What Can I Do if I Was Misclassified as an Independent Contractor?
Nick Ferraro | July 13, 2021 | Employment Law
Being misclassified as an independent contractor can deny you the benefits and rights of an employee in California. For example, you may not be protected for work-related injuries, and you could pay higher taxes as a self-employed individual. In addition, as an independent contractor, you would not be entitled to unemployment benefits if you are fired or laid off.
State and federal laws give you the right to sue your employer for employee misclassification. You could be entitled to compensation for damages caused by your misclassification as an independent contractor.
What is an Independent Contractor?
An independent contractor is not an employee; the person is self-employed. A company and an independent contractor enter an agreement for the independent contractor to provide services to the company.
Unlike employees, independent contractors may have several clients that they work for simultaneously. The independent contractor generally decides how a job or project is completed.
The independent contractor makes all decisions regarding the performance of the work as long as the work is completed within the scope and timeframe of the contract or agreement.
California courts have ruled that the ABC Test should be used to determine whether a person is an employee or an independent contractor.
Under the ABC Test, a person is an independent contractor if:
- The person is not subject to the direction and control of the hirer regarding how the work is performed;
- The person performs work that is outside of the ordinary scope of the hirer’s business; and,
- The person is engaged in an independently established business, trade, or occupation of the same nature as the work performed for the hirer.
If the above terms are not applicable, the person is an employee unless they fall within specific exemptions. Generally, if a hirer can fire you at will, tell you when to be at work, and tell you how to perform the job, you are an employee instead of an independent contractor.
Why is it Important to Be Classified as an Employee?
Unless you own your own business and wish to be an independent contractor, you want to be classified as an employee. Employees receive many benefits that independent contractors do not receive.
If an employer misclassifies you as an independent contractor, you are not entitled to:
- Health insurance benefits from the employer
- Workers’ compensation benefits for on-the-job injuries and illnesses
- Overtime pay, paid breaks, vacation time, and other wage and hour protections
- Employer-provided retirement benefits
- Unemployment benefits
- Medical and family leave
- Medicare and Social Security taxes paid by the employer
- More robust protection against workplace harassment, discrimination, wrongful termination, and employer misconduct
Employers often misclassify employees as independent contractors to avoid paying payroll taxes and health insurance benefits. The employer purposefully misclassified the employee to reduce overhead costs and avoid liability for certain benefits.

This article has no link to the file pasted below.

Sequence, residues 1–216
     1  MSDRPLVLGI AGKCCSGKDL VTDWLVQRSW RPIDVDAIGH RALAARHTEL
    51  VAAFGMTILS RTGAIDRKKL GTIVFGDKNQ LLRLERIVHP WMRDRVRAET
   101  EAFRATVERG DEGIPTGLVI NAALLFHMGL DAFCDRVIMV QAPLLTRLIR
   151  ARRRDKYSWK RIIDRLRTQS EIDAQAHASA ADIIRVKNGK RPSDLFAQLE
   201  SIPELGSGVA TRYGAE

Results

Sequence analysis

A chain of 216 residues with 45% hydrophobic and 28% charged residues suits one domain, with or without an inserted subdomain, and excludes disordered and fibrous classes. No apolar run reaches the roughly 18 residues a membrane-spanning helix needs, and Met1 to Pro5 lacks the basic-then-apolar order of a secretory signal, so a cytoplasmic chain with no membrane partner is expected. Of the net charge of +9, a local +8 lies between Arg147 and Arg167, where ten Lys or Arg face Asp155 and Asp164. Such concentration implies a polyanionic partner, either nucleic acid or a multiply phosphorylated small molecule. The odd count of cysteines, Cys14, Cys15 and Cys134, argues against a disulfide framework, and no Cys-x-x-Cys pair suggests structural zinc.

Suing a California Employer for Misclassification
Under California Labor Code §226.8, it is illegal to willfully or intentionally misclassify a person as an independent contractor. Therefore, if your employer intentionally misclassified you as an independent contractor, you could be entitled to compensation.
By filing a wage and hour lawsuit, you could recover damages for:
- Unpaid wages and salaries
- Unpaid overtime
- Unpaid meal and rest breaks
- Interest and penalties
- Liquidated damages equal to twice your unpaid wages plus interest if the misclassification was intentional
The employer may also be fined for their wrongdoing. An employer could face a fine of $5,000 to $25,000 for each violation. Willful misclassification is defined as knowingly and voluntarily misclassifying an employee as an independent contractor.
Filing a PAGA Claim for Employee Misclassification
You may also have the right to file a PAGA claim in addition to the wage and hour lawsuit. A claim under the California Private Attorney General Act gives employees the right to sue their employers for violations of the California labor code.
If you are successful, you keep 25 percent of the penalties the employer is ordered to pay for violating labor laws. The remaining funds are paid to the state. This compensation is in addition to any award you might receive for a wage and hour lawsuit.
Filing a Federal Lawsuit Against Your Employer
Some employees decide to file a lawsuit for employee misclassification under the federal Fair Labor Standards Act. One of the advantages of filing under federal law is that you could receive double your unpaid wages plus interest if you are successful.
However, federal law does not have a standard test to determine whether you are an independent contractor or an employee. Many factors are used to determine your status as an employee, making it more challenging to prove your case.
Before filing a claim for misclassification as an independent contractor, you should weigh all your options. However, do not wait too long to act because there are deadlines for filing wage and hour claims, including employee misclassification claims. Call our employment lawyers today to know more.